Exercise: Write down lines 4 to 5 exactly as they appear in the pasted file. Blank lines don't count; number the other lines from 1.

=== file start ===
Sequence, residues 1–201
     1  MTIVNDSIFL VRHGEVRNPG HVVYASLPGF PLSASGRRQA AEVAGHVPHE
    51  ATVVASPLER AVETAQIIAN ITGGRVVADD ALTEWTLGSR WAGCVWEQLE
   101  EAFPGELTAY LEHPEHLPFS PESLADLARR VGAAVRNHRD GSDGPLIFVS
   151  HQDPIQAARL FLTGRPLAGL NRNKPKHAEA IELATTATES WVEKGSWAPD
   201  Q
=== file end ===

   101  EAFPGELTAY LEHPEHLPFS PESLADLARR VGAAVRNHRD GSDGPLIFVS
   151  HQDPIQAARL FLTGRPLAGL NRNKPKHAEA IELATTATES WVEKGSWAPD